“Nippon” (where the sun rises) was used intentionally in its international relations with Korea and China. The narrative goes on to say that as the result of diplomatic relations with China being interrupted, after the fall of the Tang Dynasty, Japan began to develop its own indigenous culture, as literary works like The Tale of Genji, written exclusively in Japanese script (hiragana), instead of Chinese characters, appeared. From that time up to the Meiji Restoration (1868), a period that some historians have called the medieval period and some have further divided into medieval and “early modern” periods, the textbooks have us believe that it was a time during which the warrior class took over real-politik, and the emperor was reduced to a mere figure-head. Culturally, while importing Zen Buddhism and tea (and other mind enhancing substance) drinking customs from China, Japan continued to form an indigenous culture apart from its “East Asian”

neighbors.

During that time, the 16th century saw the arrival of westerners on Japan’s shores, with Christian missionaries in tow. The Japanese government suppressed Christianity and closed the country (at least most of it) to foreigners. Subsequently, for over two hundred years, Japanese ships all but disappeared from the seas, the country cut off from the rest of the world, living in peace and further developing its own culture in isolation.

After the Meiji Restoration, called the “modern period” and lasting

until its defeat in the Second World War, first, Japan was forced to open

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its ports to international trade under pressure from the western world powers at the time. As the term “restoration” implies, political changes occurred that resulted in the formation of a nation-state centered around the emperor, while at the same time customs and culture took on more and more of a western character under the slogan of “civilization” and

“enlightenment.” In one phrase, “out of Asia into Europe.” The “Great Japanese Empire,” ruled by a constitutional monarchy aiming at economic prosperity and military superiority then began its invasion of

“Asia,” including China. At least that is what the history textbooks tell us.

The interpretation, therefore, is that Japan was formed historically within an “East Asian” environment dominated by China, while at the same time developing its own indigenous culture. It is only natural that a history textbook requiring a government imprimatur and designed to ideologically inculcate the “nation’s” youth would take such a line. In other words, China appeared in the form of a mentor towards Japanese culture, and from antiquity to the present day has existed apart from Japan, albeit an equal partner across the sea. Take the case of Zen Buddhism. (The internationally accepted pronunciation being of Japanese origin, not the Chinese “Chan.”) The textbooks tell us that its introduction to and diffusion within Japan was “heavily influenced by Chinese culture.” However, they do not bother to mention why Zen Buddhism became popular in China between the 12th and 14th centuries (when Japan was first introduced to it) and in what way those ideas actually influenced Japanese society and culture. China is always discussed from a Japanese standpoint without any attempt being made to offer any historical insights into Chinese culture itself. In the case of Zen Buddhism, Japan has always determined its own historical course, nothing will stop that course, even Zen Buddhism, which merely assisted in the formation of a unique Japanese culture.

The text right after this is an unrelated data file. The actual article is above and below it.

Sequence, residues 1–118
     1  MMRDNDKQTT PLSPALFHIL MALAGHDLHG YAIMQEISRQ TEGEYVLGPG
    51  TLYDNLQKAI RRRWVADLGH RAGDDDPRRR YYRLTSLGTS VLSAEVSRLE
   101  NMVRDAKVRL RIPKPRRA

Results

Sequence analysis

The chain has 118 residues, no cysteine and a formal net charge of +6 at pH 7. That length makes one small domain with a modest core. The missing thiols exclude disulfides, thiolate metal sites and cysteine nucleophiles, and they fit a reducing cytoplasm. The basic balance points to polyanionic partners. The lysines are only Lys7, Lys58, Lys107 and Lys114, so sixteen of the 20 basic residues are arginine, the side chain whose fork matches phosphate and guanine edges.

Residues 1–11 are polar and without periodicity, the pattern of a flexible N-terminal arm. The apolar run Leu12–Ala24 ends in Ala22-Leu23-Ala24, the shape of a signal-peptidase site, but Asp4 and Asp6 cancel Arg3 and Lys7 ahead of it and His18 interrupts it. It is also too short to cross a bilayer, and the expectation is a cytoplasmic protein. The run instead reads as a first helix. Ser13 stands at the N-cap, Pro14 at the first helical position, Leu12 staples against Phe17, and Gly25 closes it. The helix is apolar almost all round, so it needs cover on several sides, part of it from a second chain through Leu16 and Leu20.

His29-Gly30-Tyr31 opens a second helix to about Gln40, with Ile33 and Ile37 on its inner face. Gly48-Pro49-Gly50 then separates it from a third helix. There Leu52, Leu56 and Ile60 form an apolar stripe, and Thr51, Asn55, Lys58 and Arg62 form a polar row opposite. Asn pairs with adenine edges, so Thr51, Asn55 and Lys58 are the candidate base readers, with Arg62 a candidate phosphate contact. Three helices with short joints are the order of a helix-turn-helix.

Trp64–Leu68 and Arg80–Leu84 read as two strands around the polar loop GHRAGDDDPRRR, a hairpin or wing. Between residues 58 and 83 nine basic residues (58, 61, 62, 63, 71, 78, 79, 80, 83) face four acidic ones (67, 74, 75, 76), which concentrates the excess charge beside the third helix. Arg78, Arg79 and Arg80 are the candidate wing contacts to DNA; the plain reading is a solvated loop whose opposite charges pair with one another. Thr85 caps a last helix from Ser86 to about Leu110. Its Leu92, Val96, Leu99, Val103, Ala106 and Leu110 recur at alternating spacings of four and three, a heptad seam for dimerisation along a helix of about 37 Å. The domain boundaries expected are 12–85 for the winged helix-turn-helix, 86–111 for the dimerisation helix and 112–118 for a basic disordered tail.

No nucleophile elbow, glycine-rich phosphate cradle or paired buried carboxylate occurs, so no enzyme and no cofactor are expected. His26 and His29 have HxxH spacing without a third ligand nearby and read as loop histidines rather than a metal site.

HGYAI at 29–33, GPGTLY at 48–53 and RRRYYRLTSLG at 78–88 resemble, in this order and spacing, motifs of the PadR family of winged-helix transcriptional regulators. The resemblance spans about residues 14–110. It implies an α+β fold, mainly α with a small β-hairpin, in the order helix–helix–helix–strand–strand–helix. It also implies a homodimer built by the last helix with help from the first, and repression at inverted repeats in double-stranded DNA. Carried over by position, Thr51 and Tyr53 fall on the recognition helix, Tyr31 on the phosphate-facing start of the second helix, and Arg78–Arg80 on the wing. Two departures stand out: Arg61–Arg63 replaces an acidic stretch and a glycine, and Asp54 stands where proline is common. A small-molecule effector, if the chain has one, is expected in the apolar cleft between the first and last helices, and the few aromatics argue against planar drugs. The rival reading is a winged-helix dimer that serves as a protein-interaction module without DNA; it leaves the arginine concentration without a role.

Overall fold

Another point is that this sort of narrative not only pervades the obligatory and high school history courses, but also university education. With exception of those who specialize or at least attend courses in Chinese thought, college students are incredibly ignorant about the subject. This is why the Japanese public is unfamiliar with any Chinese intellectual other than Confucius and Mencius, Laozi and Zuangzi (Daoists), and Zhuxi and Wang Yangming (Neo-Confucianists).

For example, in a series of articles written two years ago in Shokun!, a

monthly magazine read widely in the business community, Nishio

Kanji, a specialist in German literature, attempted to reconsider Japan’s

late feudal period; and in the concluding article he stated the following.

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In a book written by Shimada Kenji, I was surprised to find that the works of classical Chinese thought only began to be read in Japan about two hundred years ago. And it seems that not only the Confucian literature was read. For example, in another book Shimada cites Zhougong Dan

周公旦

(the Duke of Zhou) as the most popularly read thinker, Confucius being only his conduit to later generations. In other words, prior to the Tang period, among the great Chinese thinkers, Zhougong was given more importance than Confucius. (“Confucius and Socrates as turning points,” Shokun 36, no. 9 (2004): 278–9.)